Groovy Games

Groovy Games
Geek on Your Sleeve

Kyle Orland | 21 Feb 2006 07:05
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"Some people use their shirts to make a connection with others. Smart says a simple red Shigeru Miyamoto shirt from GameSkins can be a great icebreaker."

"Whenever people ask me about the Miyamoto shirt, I always tell them it's the guy that invented Mario, Donkey Kong and Zelda, and they really love it." For Smart, the more esoteric the image, the better the shirt.

But Smart says he often runs into a different kind of gaming shirt fan. "[When I see someone else wearing a gaming shirt,] I think I should say, 'Hey, I like Nintendo, too.' But, I'm always wrong in my assumptions of the person - they just wanted a cool 'retro' shirt. People [who wear gaming shirts] don't even have to like videogames anymore," he says.

SplitReason's Arciszewski thinks gaming companies are passing up a big opportunity to market to people like Smart who are looking for smarter, more esoteric licensed shirts. While companies like Nintendo are flooding the market with licensed merchandise (and inspiring plenty of bootleg knock-offs in the process), Arciszewski says other developers and publishers "are not in tune with the tremendous merchandising opportunities facing them ... Imagine a company like EA or Blizzard offering a free official World of Warcraft or Battlefield 2 or whatever t-shirt to everyone that buys one of their games. Would that help combat piracy? Absolutely ... "

For the gaming T-shirt business to grow, Arciszewski says game companies are going to have to work more closely with the companies that peddle videogame apparel. Geek on Stun's McWhertor agrees, and hopes companies will start to work with smart designers to push an untapped market of serious game fans. "I think it's a missed opportunity for publishers to not do this kind of thing."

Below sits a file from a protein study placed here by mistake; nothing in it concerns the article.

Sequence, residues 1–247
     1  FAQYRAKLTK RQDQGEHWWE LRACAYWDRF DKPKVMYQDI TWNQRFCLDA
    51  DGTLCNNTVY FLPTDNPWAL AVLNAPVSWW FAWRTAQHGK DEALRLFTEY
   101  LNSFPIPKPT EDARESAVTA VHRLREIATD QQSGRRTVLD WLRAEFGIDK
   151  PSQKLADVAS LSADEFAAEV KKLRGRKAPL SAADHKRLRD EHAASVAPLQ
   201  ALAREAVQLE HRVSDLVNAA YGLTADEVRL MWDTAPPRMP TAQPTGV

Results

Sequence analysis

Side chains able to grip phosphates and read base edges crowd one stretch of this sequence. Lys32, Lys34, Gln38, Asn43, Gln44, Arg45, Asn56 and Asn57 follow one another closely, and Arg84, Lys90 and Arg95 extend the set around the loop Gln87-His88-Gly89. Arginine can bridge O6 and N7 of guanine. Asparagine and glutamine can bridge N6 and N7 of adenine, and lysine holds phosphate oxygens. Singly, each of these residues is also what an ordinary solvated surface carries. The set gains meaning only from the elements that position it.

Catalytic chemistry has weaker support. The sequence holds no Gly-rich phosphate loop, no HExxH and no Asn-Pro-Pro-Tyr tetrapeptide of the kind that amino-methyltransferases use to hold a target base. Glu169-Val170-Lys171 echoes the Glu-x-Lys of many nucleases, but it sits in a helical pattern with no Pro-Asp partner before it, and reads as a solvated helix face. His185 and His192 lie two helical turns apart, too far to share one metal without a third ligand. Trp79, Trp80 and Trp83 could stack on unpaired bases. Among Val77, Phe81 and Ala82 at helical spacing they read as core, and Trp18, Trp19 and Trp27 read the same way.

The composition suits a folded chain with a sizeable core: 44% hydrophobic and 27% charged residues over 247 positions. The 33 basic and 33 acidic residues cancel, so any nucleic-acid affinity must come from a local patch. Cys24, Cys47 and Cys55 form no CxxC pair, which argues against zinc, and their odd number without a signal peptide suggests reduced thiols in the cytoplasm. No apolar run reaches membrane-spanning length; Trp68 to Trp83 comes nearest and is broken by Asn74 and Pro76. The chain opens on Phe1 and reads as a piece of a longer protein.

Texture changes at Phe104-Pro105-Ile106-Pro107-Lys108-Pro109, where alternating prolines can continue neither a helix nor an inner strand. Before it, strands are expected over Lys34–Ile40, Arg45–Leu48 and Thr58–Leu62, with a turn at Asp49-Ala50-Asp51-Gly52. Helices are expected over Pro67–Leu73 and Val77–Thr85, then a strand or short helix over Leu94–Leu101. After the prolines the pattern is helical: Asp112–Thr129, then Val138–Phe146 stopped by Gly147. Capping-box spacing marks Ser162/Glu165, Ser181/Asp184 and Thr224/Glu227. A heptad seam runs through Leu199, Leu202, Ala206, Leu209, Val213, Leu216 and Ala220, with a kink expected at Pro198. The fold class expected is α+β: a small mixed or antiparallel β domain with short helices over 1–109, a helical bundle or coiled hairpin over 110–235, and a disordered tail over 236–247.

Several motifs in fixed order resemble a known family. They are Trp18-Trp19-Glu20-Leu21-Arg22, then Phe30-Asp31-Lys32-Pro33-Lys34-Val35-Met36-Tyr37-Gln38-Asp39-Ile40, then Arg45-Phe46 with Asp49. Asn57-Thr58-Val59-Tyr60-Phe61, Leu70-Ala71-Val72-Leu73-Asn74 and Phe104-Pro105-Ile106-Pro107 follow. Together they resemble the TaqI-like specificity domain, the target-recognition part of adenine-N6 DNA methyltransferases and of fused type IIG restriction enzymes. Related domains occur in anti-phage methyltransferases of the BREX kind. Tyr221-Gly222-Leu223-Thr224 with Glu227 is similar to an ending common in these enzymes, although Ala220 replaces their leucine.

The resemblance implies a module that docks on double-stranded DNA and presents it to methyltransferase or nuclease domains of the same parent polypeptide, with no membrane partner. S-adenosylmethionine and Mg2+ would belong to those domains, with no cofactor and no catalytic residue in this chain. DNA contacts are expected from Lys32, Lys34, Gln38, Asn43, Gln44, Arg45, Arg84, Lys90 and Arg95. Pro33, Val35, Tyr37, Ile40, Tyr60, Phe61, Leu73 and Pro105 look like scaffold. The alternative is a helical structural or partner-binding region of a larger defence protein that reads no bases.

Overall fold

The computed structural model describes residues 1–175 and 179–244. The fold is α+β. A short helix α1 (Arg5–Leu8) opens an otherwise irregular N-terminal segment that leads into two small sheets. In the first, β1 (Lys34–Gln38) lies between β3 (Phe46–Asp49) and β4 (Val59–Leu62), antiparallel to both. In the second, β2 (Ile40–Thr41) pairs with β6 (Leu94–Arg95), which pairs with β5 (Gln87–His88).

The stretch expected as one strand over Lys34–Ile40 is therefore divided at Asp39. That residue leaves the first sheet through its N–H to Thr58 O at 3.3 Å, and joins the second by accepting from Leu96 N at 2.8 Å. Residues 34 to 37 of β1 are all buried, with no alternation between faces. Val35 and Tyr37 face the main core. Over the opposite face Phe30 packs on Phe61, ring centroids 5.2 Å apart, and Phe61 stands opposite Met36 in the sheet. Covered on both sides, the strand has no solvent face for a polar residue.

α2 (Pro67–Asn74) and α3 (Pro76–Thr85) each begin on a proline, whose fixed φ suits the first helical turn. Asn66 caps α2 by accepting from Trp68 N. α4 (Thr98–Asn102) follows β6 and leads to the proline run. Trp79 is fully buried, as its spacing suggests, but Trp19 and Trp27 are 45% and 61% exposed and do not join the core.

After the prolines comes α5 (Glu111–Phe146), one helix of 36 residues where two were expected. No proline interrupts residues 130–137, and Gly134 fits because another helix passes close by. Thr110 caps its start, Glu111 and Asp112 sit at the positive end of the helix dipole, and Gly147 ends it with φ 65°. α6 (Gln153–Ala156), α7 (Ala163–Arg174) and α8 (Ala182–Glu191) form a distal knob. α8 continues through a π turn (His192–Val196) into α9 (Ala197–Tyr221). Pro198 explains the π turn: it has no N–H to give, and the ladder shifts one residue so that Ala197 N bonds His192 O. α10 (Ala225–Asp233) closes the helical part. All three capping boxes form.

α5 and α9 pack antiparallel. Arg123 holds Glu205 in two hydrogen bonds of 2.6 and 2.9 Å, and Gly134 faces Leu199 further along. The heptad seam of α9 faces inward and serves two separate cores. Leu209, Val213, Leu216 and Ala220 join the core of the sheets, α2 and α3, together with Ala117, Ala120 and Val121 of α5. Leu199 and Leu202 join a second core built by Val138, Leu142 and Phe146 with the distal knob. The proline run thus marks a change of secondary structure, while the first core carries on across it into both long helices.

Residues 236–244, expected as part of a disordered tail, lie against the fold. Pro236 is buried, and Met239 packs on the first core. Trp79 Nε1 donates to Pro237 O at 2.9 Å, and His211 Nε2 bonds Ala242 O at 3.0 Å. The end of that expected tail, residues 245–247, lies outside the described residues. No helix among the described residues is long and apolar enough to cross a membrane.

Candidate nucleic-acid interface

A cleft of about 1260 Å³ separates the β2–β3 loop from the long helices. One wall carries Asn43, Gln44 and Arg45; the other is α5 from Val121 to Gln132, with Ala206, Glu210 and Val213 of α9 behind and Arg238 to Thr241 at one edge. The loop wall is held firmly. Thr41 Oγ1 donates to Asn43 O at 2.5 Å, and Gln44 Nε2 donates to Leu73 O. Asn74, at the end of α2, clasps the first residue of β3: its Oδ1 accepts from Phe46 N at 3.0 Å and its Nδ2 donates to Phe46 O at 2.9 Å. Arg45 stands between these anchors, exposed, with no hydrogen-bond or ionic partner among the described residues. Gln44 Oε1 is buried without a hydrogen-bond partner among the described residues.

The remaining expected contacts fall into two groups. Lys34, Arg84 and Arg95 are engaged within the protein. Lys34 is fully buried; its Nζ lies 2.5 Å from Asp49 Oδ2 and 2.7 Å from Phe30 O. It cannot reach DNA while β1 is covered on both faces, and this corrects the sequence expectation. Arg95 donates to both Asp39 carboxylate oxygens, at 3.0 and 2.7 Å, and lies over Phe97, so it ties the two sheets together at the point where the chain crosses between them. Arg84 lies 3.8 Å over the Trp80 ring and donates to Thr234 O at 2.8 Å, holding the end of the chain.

So, is the trend in gaming T-shirts just another retro fad, or something that will become a more permanent part of low fashion? That depends. McWhertor says the market needs to grow with the audience, offering shirts that appeal to fashion as well as nostalgia. "At some point, the T-shirt wearing crowd will age beyond the point of people who wax nostalgic for Mario," he says.

Hammond from Way of the Rodent feels that there will always be a market for apparel that brings about memories of old games. "Gaming is mainstream, has a history and a strong future. Just as people like to reference other mainstream cultural icons - film, music, TV, books even - they will continue to enjoy referencing videogames."

But The Game Rag's Smart is less optimistic. "I think once the 'thrift store' look goes out ... once the '80s revival dies down ... the big chains will drop those shirts. Retro doesn't get old, it's already old."

Kyle Orland is a video game freelancer. He writes about the world of video game journalism on his weblog, Video Game Media Watch.

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